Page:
I’m working to get Medicaid to cover treatment. I’m working to raise the budget for Ryan White, which the Bush administration has kept flat, disgracefully so, because there are a lot of women, particularly, who are becoming infected in poor rural areas as well as underserved urban areas in states where, frankly, their state governments won’t give them medical care.

So this is a multiple dimension problem. But if we don’t begin to take it seriously and address it the way we did back in the ‘90s, when it was primarily a gay men’s disease, we will never get the services and the public education that we need.

Source: 2007 Democratic Primary Debate at Howard University Jun 28, 2007

FactCheck: Yes, AIDS is leading disease of young black women

We found that the candidates’ claims checked out, even some of the more conspicuous ones. Our ears perked up when Sen. Hillary Clinton talked about the impact of HIV/AIDS on African American women. Clinton said, “If HIV/AIDS were the leading cause of death of white women between the ages of 25 and 34, there would be an outraged outcry in this country.”

According to the Centers for Disease Control and Prevention, HIV/AIDS is indeed the leading cause of death of black women aged 25 to 34. Sen. Clinton also accused the Bush Administration of “disgracefully” keeping funding for the Ryan White HIV/AIDS program “flat,” and in fact, spending on that program has hovered at just over $2 billion for the past five years, according to figures from the Department of Health and Human Services.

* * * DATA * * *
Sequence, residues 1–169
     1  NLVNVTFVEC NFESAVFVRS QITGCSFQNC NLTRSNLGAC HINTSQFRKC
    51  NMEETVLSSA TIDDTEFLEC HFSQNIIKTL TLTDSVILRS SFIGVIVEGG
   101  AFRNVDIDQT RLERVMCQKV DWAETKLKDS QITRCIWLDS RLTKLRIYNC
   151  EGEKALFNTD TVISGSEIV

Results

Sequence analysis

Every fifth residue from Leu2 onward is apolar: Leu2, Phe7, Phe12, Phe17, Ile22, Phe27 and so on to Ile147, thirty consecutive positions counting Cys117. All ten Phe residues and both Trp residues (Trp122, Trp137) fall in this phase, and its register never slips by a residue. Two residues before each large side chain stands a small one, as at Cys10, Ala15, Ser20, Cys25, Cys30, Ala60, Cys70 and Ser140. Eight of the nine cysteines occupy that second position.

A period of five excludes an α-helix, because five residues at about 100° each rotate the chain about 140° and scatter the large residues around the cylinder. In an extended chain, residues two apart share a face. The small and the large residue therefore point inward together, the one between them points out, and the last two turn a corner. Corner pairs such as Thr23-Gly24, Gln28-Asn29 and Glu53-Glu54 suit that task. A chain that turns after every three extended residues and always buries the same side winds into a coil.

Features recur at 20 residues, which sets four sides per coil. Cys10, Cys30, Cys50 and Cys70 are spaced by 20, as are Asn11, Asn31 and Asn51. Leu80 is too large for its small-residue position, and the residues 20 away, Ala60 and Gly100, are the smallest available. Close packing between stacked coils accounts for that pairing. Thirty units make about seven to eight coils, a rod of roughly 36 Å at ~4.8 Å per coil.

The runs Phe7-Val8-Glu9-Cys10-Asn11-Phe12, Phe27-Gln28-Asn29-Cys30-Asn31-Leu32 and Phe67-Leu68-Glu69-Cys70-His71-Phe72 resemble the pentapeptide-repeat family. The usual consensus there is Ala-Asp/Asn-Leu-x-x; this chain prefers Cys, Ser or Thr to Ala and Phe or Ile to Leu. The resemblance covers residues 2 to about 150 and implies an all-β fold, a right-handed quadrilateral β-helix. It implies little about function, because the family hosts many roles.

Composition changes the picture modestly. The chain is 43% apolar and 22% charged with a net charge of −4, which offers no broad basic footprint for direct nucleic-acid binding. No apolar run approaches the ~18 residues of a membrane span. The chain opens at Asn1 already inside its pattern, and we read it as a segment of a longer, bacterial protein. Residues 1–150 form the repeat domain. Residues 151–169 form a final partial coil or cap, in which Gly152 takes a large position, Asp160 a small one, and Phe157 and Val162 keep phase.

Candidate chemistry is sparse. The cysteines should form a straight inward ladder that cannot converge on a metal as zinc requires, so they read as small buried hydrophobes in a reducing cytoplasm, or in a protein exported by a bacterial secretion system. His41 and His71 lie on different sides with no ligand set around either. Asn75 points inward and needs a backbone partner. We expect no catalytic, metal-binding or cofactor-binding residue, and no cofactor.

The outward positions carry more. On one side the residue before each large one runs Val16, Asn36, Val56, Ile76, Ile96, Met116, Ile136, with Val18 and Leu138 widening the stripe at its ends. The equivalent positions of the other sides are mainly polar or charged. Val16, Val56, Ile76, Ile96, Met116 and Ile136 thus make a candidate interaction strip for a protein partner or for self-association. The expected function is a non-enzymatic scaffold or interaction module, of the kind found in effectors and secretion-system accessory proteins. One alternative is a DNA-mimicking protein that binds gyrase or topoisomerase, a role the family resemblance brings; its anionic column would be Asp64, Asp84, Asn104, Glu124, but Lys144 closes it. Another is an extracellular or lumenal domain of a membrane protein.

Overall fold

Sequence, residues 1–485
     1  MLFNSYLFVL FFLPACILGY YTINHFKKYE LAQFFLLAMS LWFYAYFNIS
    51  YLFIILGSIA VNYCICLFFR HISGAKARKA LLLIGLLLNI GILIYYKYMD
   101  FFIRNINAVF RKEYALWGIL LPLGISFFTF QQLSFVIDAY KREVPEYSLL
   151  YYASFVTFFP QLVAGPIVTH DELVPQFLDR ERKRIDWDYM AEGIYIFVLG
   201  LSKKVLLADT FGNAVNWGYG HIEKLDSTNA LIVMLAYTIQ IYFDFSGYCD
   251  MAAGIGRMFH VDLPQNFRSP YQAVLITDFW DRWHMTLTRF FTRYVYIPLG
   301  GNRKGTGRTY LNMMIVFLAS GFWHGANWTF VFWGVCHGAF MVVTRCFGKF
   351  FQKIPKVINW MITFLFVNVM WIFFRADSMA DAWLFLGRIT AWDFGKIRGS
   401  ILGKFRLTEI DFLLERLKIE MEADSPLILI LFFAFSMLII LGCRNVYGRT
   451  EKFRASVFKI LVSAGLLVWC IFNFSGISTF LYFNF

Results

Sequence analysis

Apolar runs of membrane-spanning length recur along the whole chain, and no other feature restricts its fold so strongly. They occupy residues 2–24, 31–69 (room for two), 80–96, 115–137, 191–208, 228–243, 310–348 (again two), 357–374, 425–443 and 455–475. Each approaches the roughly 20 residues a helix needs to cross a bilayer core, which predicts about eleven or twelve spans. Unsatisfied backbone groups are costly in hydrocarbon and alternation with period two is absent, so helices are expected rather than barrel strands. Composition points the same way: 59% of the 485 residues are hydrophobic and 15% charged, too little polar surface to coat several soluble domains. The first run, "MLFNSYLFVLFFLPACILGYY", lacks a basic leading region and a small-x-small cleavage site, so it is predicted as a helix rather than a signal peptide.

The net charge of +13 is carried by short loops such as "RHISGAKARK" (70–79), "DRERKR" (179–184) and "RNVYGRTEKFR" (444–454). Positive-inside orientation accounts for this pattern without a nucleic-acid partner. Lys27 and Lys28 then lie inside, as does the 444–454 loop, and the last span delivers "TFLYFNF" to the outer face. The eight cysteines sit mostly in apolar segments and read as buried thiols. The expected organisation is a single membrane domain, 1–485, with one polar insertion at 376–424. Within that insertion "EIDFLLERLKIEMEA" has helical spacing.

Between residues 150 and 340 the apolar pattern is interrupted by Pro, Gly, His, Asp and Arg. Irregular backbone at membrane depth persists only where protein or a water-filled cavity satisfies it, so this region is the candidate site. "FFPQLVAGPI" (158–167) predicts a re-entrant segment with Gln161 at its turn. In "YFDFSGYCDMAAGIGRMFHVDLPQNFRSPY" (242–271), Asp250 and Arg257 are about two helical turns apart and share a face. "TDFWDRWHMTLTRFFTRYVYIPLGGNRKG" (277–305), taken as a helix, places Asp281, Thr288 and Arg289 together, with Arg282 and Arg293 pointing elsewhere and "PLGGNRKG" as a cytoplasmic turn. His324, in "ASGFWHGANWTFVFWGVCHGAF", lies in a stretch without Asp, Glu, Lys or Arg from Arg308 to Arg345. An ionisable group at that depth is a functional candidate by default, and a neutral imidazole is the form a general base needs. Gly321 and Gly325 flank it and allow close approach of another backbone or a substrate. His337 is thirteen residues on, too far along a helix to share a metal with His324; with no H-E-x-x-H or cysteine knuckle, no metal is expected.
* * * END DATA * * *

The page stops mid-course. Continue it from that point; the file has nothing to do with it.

Source: FactCheck.org on 2007 Democratic Primary Debate at Howard U. Jun 28, 2007

1979: Named by Bill as AR healthcare head; program worked

The budget book Bill Clinton presented to the Arkansas state legislature in 1979 had identifiable priorities, including providing a rural health care system in a state where doctors and hospitals were many miles away from people with little means of transportation.

He appointed Hillary to head his health care advisory committee. He had appointed a health commissioner from out of state who had proposed that nurse-practitioners be permitted to serve as doctors in many areas where physicians were scarce. Bill appointed Hillary to solve the problem of delivering expanded health care to the poorest counties without taking a bite from doctors’ fees. Hillary used her contacts in Washington to obtain federal money to pay for rural health care services in Arkansas. Four rural clinics were opened almost immediately, construction began on three others, and the use of midwives and nurse-practitioners was expanded.

Source: A Woman in Charge, by Carl Bernstein, p.147 Jun 5, 2007

Lower costs and improve quality and cover everybody

We have to lower costs, improve quality and cover everybody. What’s important and what I learned in the previous effort is you’ve got to have the political will -- a broad coalition of business and labor, doctors, nurses, hospitals, everybody -- standing firm when the inevitable attacks come from the insurance companies and the pharmaceutical companies that don’t want to change they system because they make so much money out of it.
Source: 2007 Dem. debate at Saint Anselm College Jun 3, 2007

Electronic medical records save $120 billion in health care

I have put forth approximately $120 billion in savings from health care changes--everything from electronic medical records to better management of chronic care. That is about in the ballpark of what all of us believe it will cost to cover everyone. The challenge that I’m wrestling with is how do we realize the savings? I don’t think there is any Democrat that is not going to let the Bush tax cuts on the wealthiest Americans expire. We’re all going to do that, so that money will be available.